At latest edition of SMAU Napoli 2022 (December 15-16), Italian Printing Inks, better known as IPINKS, won the innovation award for presenting a printing ink that uses solvents from edible oil waste. A virtuous process carried out by the Caserta-based company, extremely lively in the search for new solutions to offer to the packaging printing market
The Smau Innovation Award is a recognition that rewards the great propensity for innovation of Italian companies, regardless of the sector in which they operate, in particular projects related to sustainability and open innovation, capable of bringing benefits to their business through collaboration with startups and innovative companies in a logic of partnership.
The company that has always made product innovation one of its flagships is Italian Printing Inks, a relatively young company, founded in 2013 by Aldo and Vincenzo de Luca, taking up the historic legacy of the family company Fonderia Tipografica Meridionale founded in 1896 always in the world of the production of printing inks. Ipinks has its headquarters in Marcianise (CE). In 2018 it also began producing inks for water-based digital printing. The reference market is mainly the Italian one (70%) but the company also operates in Portugal, Eastern Europe, Greece, Algeria and Egypt.
Zero waste INKS
The European demand for printing inks is about 1 million tons per year, 250,000 of which concern inks formulated based on vegetable solvents. These inks are now used for printing in contact with food and are based on vegetable oil esters. These are solvents deriving from crops that consume soil, resources and, above all, are used by the food industry, and we know that for sustainability, subtracting precious food resources is never an aspect to be considered positive.
“The “Zero waste INKS” project, born from the synergy between IPINKS and the Department of Chemical Sciences of Naples with the Metallorganic Chemistry group that has been dealing with the converting of waste oils for years, has set itself the goal of reducing impact on the environment of these inks. After a series of successful tests and publications, “green” solvents derived from third-generation biomass residues (food waste) have been patented for the formulation of environmentally friendly inks in a circular economy perspective”, tells us Vincenzo Benessere, R&D manager at IPINKS.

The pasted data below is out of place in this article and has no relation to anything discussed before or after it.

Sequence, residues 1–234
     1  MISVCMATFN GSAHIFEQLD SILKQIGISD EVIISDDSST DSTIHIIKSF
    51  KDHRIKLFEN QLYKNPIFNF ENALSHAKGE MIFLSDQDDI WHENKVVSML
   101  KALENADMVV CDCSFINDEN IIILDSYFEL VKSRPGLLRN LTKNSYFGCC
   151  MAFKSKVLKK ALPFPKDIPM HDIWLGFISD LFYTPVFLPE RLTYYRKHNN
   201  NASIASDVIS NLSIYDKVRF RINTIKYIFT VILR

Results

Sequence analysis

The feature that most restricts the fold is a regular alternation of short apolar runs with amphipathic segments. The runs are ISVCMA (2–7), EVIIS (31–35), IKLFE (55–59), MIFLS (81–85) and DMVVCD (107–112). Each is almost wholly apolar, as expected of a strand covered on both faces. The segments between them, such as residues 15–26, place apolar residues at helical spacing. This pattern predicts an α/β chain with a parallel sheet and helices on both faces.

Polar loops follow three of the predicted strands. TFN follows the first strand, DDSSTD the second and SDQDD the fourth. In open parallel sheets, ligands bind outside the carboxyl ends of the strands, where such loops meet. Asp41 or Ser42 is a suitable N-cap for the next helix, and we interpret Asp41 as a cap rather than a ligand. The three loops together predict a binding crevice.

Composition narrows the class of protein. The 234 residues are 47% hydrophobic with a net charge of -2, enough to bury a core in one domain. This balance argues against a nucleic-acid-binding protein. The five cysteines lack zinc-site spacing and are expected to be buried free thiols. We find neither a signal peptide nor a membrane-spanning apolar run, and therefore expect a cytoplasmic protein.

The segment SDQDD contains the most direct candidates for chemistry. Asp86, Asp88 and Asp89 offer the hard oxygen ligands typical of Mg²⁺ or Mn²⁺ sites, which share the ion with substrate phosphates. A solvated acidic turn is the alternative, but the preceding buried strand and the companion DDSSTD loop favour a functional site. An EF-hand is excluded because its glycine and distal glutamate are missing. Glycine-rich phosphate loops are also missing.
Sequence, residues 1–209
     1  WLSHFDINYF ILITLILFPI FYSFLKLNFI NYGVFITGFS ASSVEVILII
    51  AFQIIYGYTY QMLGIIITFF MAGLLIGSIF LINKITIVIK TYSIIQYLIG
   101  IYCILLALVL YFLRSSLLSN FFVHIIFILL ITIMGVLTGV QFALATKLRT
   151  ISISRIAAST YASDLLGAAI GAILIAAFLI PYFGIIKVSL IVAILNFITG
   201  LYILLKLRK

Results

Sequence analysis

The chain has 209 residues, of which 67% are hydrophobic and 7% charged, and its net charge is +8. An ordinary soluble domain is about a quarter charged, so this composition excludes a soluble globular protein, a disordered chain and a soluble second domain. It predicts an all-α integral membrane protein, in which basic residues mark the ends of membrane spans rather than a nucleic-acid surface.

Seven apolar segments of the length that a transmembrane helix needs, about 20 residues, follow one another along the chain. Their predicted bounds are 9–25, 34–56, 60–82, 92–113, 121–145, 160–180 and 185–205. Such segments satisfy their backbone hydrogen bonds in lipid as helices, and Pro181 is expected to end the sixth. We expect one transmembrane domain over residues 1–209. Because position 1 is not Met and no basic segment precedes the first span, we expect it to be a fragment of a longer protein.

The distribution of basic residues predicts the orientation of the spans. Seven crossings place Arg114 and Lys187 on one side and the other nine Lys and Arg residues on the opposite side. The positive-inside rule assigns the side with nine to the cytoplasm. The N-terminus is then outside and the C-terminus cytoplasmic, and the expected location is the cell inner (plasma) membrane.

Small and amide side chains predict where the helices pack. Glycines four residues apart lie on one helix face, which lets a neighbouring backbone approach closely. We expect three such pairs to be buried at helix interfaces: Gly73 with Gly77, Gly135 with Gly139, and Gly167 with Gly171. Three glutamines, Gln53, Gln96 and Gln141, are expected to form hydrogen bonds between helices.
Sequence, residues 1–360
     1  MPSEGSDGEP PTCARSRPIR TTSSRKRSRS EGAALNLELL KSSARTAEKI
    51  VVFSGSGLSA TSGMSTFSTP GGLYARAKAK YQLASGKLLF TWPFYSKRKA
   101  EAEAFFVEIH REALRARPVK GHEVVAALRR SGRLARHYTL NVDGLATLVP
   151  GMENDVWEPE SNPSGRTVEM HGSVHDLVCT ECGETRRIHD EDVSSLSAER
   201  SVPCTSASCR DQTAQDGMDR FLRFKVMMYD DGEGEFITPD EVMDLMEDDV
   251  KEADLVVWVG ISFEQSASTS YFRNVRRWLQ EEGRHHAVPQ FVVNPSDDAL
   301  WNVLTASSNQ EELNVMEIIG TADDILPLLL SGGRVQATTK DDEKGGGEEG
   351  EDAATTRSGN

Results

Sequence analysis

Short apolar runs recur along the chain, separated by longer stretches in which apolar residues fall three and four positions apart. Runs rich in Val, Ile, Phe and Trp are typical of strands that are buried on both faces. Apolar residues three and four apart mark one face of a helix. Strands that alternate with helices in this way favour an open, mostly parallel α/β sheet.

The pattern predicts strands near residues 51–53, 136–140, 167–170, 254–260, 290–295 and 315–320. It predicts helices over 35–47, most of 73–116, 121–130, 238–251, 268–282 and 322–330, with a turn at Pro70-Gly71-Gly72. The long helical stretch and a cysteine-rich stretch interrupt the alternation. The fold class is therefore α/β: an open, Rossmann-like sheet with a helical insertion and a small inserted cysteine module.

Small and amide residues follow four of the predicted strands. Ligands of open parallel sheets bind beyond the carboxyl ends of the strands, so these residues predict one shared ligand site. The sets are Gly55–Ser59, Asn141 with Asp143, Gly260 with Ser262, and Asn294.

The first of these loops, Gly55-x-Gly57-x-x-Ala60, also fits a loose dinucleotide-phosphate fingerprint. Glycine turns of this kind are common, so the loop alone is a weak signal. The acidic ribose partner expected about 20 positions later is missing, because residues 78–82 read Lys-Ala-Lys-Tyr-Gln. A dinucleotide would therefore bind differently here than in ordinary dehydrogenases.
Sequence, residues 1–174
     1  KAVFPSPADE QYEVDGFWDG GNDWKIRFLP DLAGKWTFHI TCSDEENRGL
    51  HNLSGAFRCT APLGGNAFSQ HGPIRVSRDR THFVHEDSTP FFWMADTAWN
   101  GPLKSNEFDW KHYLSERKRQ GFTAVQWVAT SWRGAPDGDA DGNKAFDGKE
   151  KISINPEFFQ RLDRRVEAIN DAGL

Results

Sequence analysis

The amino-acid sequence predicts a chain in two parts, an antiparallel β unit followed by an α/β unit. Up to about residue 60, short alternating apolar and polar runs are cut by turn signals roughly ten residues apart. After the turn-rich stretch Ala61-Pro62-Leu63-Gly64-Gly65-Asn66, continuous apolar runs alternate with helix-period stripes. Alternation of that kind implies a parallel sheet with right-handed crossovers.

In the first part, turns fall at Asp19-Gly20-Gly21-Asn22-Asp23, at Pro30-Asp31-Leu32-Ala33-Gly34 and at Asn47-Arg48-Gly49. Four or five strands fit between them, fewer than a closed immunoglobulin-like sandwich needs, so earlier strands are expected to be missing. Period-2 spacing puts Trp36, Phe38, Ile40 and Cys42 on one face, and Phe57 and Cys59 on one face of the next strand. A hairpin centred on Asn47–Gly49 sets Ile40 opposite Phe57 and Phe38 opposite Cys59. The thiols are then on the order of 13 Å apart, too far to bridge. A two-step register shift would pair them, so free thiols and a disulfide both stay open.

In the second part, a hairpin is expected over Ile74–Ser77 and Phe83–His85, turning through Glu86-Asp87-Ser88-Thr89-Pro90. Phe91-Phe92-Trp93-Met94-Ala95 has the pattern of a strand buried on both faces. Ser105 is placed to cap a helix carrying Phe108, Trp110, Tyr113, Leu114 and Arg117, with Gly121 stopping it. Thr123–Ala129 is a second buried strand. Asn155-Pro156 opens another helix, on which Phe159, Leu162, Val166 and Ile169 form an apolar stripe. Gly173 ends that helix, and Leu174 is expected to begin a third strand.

By observing the similarity between the molecules used in the printing inks that IPINKS produced and the waste oil derivatives made in the University’s laboratory, the company has supported tests and studies since 2017 to understand if these new products could be included in the system in place of those in use that are decidedly less environmentally friendly.
The results were surprising, the solvent power was much higher and in 2019 the first important production was started with positive effects both in printing on food packaging and for commercial and editorial products.
This is where the startup IsusChem was born which, thanks also to an important funding from the State, built a plant to produce this family of solvents deriving from waste oils on a semi-industrial scale.
Once the potential of this new family of solvents was learned, IPINKS invested and supported from a technological point of view further studies of the University in various application fields.
Other patents have been born in the graphic sector and beyond, with product but also process innovation: washing solvents have been created for printing machines/surfaces and, in the last year, a very low-cost recyclable catalyst has also been developed which supplies esters to make UV inks. The sectors in which studies are underway range from cosmetics, for example in formulations for sunscreens or hair treatment products, to the production of coatings for ceramics.